MOSCOW (Reuters) – A lawmaker from Russia’s ruling party floated the idea of banning Zoom on Wednesday after the video conferencing company reportedly told its distributors to stop selling subscriptions to Russian state institutions.
Russian daily Kommersant said Zoom Video Communications Inc had banned distributors from selling access to its service to state companies and institutions, citing a letter from Zoom’s representative in the region, RightConf, dated March 31.
Zoom said it remained committed to serving customers in Russia and the Commonwealth of Independent States. Its shares closed up 2%.
“We are in the process of evolving our approach in the region, and in the meantime, new and existing customers in both the public and private sectors can seek to procure Zoom accounts directly through our website,” a Zoom representative said.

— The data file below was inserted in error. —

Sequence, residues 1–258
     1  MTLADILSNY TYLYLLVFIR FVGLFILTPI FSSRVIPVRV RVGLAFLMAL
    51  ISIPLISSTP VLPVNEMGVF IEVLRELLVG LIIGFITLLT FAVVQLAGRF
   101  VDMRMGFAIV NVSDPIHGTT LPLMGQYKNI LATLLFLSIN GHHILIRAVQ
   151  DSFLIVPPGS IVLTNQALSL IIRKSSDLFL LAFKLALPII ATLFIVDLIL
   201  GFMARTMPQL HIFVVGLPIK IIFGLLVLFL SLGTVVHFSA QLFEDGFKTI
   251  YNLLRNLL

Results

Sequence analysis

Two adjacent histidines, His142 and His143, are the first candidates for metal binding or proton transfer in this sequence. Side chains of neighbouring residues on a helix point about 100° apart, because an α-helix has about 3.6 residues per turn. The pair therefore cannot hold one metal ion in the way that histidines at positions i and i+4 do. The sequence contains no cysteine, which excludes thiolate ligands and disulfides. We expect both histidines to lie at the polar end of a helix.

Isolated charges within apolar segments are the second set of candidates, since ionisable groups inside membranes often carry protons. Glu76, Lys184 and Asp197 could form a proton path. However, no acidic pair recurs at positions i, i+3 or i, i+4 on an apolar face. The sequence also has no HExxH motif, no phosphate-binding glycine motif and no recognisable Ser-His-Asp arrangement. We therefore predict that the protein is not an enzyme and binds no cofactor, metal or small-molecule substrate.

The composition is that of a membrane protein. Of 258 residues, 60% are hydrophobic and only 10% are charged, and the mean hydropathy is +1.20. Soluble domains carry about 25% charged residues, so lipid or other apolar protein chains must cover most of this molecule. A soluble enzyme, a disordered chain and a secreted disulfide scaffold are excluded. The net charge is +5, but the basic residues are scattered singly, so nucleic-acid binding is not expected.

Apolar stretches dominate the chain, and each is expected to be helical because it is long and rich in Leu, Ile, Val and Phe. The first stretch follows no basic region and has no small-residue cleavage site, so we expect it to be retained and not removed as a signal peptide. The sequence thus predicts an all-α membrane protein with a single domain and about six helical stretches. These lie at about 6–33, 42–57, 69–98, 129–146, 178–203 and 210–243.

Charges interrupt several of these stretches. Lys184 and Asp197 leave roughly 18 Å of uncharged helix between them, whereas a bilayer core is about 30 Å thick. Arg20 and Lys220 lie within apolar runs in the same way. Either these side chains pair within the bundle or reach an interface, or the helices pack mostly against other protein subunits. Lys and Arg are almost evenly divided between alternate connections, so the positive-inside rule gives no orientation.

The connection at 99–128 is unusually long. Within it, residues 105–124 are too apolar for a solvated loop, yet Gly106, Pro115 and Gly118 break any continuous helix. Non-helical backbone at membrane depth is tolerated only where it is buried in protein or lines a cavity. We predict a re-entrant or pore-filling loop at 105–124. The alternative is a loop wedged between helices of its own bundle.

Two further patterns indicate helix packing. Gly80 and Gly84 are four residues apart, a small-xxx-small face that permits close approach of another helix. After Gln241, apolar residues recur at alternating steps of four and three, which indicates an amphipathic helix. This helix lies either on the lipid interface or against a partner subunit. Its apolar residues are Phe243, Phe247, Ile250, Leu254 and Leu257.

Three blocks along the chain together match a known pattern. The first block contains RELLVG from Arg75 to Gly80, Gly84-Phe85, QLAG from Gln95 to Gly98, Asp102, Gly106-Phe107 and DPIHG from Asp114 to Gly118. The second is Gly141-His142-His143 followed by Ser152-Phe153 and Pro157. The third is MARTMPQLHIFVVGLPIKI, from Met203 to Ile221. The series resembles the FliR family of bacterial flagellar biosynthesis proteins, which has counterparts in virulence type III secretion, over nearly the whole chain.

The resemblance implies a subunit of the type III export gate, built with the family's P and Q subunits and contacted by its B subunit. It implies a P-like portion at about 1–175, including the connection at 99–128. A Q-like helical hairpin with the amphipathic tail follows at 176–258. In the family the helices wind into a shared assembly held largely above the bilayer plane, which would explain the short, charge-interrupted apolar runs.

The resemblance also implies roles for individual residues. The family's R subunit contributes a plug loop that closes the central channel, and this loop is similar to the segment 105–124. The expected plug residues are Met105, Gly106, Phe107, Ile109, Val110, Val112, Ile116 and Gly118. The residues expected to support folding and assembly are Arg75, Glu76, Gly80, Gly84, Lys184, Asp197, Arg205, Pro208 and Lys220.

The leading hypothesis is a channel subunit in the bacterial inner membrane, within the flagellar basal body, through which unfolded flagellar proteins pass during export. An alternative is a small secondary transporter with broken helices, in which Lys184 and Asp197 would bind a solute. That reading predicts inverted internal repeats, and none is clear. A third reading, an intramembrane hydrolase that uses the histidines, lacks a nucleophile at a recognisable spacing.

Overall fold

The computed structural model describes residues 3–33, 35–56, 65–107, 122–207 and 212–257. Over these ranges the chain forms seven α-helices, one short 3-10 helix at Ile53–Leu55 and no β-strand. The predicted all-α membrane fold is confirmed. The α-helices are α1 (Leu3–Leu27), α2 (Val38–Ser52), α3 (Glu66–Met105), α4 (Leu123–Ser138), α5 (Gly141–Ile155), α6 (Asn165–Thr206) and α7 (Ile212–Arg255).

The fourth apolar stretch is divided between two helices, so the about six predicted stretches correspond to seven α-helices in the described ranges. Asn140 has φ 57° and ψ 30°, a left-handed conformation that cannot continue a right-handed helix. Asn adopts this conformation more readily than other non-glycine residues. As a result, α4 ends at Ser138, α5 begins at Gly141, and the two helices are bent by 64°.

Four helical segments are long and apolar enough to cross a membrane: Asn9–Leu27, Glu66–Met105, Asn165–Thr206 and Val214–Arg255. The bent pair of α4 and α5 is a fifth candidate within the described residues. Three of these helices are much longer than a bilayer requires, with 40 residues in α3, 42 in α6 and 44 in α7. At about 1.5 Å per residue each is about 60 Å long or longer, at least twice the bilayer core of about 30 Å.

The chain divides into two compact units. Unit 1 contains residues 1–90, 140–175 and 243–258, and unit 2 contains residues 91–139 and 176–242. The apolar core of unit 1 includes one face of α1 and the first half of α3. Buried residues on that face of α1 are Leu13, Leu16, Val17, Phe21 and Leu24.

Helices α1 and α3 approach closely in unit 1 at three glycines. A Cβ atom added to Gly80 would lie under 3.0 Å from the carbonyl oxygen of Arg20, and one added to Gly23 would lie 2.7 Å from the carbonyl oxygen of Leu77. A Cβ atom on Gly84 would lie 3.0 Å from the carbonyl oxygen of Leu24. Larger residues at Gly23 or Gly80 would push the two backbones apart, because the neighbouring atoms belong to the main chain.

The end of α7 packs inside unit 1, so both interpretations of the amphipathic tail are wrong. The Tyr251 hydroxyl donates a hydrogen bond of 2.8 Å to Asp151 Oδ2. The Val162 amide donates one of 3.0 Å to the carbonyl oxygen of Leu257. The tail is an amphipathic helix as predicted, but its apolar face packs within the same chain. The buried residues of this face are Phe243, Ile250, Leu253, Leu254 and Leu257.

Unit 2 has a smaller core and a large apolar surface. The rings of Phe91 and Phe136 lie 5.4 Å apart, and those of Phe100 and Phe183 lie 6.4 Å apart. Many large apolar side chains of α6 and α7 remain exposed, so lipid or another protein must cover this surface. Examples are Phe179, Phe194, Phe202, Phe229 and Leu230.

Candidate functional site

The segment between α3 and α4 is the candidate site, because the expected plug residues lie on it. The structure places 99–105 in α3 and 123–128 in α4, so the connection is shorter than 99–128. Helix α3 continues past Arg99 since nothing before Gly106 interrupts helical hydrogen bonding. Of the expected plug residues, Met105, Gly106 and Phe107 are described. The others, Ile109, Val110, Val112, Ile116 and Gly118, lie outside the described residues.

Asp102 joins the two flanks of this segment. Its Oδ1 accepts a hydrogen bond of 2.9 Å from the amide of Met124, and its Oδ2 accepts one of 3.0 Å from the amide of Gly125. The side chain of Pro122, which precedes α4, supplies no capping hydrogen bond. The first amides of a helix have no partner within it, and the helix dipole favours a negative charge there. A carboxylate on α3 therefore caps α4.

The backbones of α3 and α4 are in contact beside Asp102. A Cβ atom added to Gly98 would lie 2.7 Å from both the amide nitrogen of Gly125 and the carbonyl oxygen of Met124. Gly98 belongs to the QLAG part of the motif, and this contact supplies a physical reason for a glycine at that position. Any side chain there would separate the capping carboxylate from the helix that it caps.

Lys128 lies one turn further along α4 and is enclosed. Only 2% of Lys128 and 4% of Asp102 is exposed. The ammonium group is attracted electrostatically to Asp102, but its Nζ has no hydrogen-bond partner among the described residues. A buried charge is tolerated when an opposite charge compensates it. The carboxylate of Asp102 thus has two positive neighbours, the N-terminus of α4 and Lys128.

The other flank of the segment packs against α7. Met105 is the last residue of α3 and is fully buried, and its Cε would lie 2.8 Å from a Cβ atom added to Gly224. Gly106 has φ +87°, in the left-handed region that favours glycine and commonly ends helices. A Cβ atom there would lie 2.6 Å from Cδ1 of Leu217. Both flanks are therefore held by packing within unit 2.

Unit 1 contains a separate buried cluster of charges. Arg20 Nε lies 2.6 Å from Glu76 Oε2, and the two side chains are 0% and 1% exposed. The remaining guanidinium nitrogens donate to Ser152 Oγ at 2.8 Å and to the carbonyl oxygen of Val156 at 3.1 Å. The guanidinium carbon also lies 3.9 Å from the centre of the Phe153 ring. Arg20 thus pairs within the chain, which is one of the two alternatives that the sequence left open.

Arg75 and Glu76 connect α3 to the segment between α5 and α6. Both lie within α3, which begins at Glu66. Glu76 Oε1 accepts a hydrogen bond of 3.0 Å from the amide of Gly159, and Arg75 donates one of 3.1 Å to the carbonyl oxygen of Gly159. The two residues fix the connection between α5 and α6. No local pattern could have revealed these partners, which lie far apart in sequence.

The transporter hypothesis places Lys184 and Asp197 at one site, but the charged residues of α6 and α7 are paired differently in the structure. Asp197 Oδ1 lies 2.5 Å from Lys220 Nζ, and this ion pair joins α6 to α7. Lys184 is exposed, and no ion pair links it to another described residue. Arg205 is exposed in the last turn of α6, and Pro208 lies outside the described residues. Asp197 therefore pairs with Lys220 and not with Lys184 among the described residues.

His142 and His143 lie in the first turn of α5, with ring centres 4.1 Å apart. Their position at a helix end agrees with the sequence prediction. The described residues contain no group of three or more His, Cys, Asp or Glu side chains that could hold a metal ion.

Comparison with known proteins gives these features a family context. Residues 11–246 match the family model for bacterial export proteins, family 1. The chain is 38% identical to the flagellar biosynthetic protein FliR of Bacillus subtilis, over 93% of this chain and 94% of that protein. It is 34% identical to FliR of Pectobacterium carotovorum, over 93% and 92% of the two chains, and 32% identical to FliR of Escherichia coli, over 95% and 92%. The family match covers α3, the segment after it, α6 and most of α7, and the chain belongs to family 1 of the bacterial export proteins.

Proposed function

RightConf had no immediate comment.
“Russia is not an advocate of sanctions, but if Zoom takes such a decision in relation to state institutions and companies, then a blocking of the service on our country’s territory is possible as a reciprocal, symmetrical measure,” the RIA news agency cited lawmaker Alexander Bashkin from the United Russia party as saying in the upper house of parliament.
The spat comes as the threat of more U.S. sanctions hangs over Russia for allegedly meddling in U.S. elections and cyber-hacking – charges Moscow denies – and as Russia targets foreign internet companies for failing to delete what is calls banned content.
The Kremlin said it had used Zoom for some international video calls but that President Vladimir Putin rarely used the service and alternative solutions were available.
“In general we express regret and confusion as to why Russian state institutions and higher education establishments are now deprived of the opportunity to extend existing contracts and enter into new ones,” Kremlin spokesman Dmitry Peskov told reporters on a conference call.
He did not mention the possibility of a Zoom ban.
(Reporting by Alexander Marrow and Dmitry Antonov; Editing by Mark Potter and Lisa Shumaker)